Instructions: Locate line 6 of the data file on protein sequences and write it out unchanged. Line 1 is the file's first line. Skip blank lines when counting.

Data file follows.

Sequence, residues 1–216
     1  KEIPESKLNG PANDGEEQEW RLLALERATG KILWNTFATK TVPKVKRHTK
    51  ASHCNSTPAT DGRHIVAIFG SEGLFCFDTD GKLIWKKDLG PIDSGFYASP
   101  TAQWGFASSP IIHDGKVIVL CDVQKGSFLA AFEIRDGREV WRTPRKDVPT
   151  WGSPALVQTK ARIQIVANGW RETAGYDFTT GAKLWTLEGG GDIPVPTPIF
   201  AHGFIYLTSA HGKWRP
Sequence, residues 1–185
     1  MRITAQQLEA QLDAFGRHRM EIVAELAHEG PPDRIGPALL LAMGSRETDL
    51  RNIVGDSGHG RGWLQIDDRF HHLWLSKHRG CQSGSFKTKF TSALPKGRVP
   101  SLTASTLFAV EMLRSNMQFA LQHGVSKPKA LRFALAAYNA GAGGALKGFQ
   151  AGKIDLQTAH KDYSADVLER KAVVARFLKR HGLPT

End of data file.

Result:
   201  AHGFIYLTSA HGKWRP